Glass Animals Command the Stage With Ease During Electropop Performance
The Glass Animals’ stage shone with ’80s-style decorations that mirrored the band’s Dreamland album art. Thousands of Boston Calling attendees covered the fields of the Harvard Athletics Complex to hear the British indie band play its hits.
Glass Animals opened with “Life Itself,” building up the energy within the crowd with its tension-filled, repeating rhythm. Many audience members pushed their way to the front, leaving little room for dancing throughout the set.
The band next played “Tangerine,” a song with cryptic lyrics that portray a confusing and distant relationship. The song likewise built up in volume and intensity as Glass Animals played with ease.
“When you’re drunk, watchin’ movies / Where are you? What happened?” lead vocalist Dave Bayley sang.
“Space Ghost Coast To Coast” featured a prominent bass that entranced the audience during the vocal break. When he wasn’t singing, Bayley often strutted across the stage and interacted with fans. The track led to in-sync head-bobbing throughout the crowd.
Glass Animals’ sound relies heavily on electronic synths and keyboards, and instead of using guitar or drum solos to leave an impression on listeners, the group makes its mark through a captivating display of charisma and magnetism. Bayley won the crowd’s favor through witty remarks when engaging with the audience.
“Wow, what’s that? Someone is smoking something very strong in the front here,” Bayley said, garnering loud cheers.
The group’s biggest hits proved to be fan favorites, including the song “Heat Waves”—a fixture in popular music since its release. The band extended the song in its live version to close out its set and encouraged fans to sing along as Bayley paused to hear the voices of the crowd.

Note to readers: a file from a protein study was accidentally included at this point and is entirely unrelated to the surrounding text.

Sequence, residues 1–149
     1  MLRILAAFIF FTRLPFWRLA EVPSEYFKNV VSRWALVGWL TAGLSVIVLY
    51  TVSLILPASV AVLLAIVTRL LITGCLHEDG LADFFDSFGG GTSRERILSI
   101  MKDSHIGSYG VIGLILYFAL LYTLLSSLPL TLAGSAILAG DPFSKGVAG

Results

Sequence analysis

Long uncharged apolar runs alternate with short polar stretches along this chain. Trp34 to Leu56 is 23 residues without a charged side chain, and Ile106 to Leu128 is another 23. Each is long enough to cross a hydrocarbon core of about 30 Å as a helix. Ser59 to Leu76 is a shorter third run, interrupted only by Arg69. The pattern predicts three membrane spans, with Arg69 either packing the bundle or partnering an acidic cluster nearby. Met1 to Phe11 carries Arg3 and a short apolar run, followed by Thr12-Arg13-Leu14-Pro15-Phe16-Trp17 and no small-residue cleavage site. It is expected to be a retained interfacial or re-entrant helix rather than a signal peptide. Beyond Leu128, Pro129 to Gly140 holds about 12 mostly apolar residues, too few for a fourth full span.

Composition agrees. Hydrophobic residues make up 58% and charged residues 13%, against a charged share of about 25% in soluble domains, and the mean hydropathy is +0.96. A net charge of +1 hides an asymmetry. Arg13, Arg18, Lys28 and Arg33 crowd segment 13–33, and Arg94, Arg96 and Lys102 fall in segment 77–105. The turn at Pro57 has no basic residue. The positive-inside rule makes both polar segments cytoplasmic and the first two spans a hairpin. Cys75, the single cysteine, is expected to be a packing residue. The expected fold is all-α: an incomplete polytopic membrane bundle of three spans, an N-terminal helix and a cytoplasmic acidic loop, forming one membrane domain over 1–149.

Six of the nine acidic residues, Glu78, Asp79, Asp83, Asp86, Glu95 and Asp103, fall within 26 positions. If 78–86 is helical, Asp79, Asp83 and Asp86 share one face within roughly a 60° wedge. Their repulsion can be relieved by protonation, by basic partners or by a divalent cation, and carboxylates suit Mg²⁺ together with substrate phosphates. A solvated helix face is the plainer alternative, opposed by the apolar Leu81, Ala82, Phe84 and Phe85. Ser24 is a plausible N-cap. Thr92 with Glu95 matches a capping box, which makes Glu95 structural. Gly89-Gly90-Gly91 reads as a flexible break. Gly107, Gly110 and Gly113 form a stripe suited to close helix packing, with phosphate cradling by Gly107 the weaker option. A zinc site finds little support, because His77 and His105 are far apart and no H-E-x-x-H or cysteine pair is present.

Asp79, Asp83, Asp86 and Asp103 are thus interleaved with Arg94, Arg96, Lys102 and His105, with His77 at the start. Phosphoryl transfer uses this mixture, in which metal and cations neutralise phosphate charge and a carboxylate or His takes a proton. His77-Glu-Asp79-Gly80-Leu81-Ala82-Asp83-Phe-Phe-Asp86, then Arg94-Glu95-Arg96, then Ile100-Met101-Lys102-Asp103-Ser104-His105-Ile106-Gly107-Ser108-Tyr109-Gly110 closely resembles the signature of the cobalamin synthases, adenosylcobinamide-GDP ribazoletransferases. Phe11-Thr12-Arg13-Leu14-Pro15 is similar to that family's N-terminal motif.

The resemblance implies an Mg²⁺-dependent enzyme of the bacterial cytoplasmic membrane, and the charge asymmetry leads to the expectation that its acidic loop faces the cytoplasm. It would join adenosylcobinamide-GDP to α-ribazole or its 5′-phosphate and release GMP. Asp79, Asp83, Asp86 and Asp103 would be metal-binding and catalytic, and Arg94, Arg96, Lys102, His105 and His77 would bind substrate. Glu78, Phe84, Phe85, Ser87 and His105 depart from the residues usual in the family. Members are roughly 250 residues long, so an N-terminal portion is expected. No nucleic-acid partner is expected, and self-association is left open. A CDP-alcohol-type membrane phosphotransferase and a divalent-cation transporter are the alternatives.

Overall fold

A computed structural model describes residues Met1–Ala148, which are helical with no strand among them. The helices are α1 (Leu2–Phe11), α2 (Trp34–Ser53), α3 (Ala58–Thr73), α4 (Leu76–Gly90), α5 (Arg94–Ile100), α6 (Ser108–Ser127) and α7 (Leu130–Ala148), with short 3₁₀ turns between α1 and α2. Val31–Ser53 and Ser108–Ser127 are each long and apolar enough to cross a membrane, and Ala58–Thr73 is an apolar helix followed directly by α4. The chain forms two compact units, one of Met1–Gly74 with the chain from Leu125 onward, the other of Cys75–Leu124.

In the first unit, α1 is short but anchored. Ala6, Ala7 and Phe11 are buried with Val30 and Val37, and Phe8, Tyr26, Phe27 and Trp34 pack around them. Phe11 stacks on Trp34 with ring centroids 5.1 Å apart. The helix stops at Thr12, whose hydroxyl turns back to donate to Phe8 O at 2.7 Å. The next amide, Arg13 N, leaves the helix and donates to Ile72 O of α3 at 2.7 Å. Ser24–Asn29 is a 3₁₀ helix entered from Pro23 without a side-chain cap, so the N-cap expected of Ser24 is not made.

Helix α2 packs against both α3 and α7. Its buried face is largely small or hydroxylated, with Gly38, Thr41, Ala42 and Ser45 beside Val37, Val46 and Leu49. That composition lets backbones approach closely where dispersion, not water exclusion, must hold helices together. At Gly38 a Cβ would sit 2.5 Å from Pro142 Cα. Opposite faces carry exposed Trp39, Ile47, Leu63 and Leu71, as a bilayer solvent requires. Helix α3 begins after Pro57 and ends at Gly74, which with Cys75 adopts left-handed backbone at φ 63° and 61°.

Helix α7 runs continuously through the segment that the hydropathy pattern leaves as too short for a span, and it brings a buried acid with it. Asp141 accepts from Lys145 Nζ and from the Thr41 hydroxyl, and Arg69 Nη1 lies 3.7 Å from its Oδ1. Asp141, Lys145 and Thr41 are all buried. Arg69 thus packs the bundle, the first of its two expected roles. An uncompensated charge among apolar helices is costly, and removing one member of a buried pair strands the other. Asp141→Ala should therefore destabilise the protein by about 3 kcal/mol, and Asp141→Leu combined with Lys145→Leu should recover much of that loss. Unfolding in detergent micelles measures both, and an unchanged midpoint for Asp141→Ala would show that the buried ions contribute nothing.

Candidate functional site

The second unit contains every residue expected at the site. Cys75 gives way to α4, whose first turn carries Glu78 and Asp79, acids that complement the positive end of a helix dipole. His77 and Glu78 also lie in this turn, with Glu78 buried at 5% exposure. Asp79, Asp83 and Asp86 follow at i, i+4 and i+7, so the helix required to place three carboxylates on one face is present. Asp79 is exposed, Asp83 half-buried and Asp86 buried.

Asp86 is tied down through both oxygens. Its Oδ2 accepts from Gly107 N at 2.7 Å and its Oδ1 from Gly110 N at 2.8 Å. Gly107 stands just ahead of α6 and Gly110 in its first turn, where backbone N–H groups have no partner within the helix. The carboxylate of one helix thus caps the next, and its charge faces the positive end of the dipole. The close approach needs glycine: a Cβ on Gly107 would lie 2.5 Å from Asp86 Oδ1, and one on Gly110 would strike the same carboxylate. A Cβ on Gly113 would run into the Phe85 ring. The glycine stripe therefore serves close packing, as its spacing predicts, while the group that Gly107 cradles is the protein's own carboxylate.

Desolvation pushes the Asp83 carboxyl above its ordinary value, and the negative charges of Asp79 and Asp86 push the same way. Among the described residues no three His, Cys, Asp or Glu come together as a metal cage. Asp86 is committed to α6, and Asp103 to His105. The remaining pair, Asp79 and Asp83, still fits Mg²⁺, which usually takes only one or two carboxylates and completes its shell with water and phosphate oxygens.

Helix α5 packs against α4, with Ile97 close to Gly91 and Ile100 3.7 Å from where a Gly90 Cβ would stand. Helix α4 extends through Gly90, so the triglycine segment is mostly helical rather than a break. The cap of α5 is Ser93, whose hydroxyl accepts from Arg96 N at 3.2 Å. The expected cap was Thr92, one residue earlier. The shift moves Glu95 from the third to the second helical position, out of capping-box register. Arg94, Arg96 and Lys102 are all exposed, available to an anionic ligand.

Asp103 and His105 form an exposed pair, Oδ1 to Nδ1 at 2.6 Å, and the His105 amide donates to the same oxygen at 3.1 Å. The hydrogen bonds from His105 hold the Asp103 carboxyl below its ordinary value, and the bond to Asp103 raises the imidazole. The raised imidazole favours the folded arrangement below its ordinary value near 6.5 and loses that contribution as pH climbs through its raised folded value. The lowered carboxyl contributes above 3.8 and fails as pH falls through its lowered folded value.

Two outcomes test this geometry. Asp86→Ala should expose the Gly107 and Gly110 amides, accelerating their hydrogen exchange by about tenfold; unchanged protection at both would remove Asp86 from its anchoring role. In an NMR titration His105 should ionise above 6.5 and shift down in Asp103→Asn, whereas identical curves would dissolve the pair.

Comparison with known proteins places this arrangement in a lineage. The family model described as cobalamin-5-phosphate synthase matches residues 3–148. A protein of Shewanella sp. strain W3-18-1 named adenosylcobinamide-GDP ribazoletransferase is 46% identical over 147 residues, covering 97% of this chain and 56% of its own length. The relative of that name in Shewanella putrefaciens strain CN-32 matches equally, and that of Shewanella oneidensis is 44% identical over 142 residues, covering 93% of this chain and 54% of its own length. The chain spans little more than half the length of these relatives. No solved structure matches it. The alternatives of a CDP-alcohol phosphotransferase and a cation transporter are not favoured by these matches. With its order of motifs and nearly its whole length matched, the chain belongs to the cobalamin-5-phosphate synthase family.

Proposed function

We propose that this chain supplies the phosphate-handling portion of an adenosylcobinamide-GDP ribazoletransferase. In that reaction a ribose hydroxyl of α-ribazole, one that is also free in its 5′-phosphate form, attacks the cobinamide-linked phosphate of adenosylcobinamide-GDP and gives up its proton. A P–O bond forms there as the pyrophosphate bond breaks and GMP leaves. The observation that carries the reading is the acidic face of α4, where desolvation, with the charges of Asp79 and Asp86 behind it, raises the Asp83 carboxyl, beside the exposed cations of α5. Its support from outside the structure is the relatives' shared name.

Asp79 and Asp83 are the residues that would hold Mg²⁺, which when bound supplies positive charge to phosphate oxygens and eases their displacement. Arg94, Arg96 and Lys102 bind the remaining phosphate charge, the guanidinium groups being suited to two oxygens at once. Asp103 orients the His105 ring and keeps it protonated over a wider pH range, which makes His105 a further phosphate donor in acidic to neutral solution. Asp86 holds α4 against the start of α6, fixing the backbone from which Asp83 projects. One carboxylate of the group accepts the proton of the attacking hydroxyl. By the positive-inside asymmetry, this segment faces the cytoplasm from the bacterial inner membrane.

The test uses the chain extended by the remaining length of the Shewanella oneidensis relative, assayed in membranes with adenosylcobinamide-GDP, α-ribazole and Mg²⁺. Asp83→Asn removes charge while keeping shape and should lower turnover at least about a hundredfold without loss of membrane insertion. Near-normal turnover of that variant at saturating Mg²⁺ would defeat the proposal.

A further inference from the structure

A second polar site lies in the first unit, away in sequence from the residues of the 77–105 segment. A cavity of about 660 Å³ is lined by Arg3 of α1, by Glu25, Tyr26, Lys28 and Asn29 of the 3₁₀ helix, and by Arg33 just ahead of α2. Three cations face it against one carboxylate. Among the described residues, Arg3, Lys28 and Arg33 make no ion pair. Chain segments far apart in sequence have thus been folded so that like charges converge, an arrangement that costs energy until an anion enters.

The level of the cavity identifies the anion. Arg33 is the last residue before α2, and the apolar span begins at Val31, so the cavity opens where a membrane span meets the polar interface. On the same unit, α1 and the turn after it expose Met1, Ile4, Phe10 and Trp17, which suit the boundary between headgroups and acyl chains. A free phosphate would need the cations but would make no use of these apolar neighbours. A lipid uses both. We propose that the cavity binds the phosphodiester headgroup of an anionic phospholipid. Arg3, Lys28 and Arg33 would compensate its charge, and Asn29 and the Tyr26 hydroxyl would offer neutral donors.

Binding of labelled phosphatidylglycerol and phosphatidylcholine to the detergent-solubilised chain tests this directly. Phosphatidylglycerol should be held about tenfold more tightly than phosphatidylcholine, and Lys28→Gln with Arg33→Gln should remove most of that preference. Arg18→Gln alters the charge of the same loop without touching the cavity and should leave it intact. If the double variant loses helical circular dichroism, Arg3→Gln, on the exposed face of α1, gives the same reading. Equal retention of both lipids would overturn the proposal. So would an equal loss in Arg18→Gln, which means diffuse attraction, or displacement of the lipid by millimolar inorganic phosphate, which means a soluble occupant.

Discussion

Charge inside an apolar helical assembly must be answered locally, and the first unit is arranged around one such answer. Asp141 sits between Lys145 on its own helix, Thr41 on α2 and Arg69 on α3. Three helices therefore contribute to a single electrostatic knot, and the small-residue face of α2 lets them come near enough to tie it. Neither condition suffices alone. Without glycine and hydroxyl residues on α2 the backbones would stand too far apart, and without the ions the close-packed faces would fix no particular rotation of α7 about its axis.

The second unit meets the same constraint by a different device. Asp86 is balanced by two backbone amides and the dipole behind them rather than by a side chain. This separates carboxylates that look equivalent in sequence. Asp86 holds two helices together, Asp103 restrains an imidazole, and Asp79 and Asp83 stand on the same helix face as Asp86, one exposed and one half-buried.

Japanese Breakfast Performs Electric Set Fueled by its Growing Success
Festival-goers flooded the floor near the blue stage for Japanese Breakfast’s performance. Many others lounged on bordering grassy hills in the shade to catch a glimpse of the pop band’s set.
Lead vocalist Michelle Zauner remarked on the exciting chaos of the past week as the band had performed live on SNL on May 21 and at Solid Sound Festival in North Adams, Mass. earlier in the weekend.
Japanese Breakfast opened with “Paprika” and “Be Sweet,” both tracks from its 2021 album Jubilee. The background of the Boston Calling stage shined with strobing kumquat fruits, adding to the aesthetically pleasing energy that the band has cultivated. Zauner dressed in airy white garb, and bassist Deven Craige wore a bright blue suit.
Zauner introduced several songs with a short quip about what inspired them, sparking laughter among many fans.
“This song is about people who have too much money,” Zauner said in reference to “Savage Good Boy.”
The set incorporated a variety of instruments, including a violin, gong, tambourines, and a saxophone. Dual keyboardists starred in the vocal break of “Savage Good Boy,” playing across from one another.
Zauner often danced and made use of the entire stage in her act, at times skipping toward other band members while singing. She played the synth during the outro of “Road Head.”
Japanese Breakfast performed its Boston Calling set with clear enjoyment, mirroring the light mood that its discography boasts. Zauner smiled when she noticed that fans recognized her music, and she encouraged the audience to jump along to “Slide Tackle.”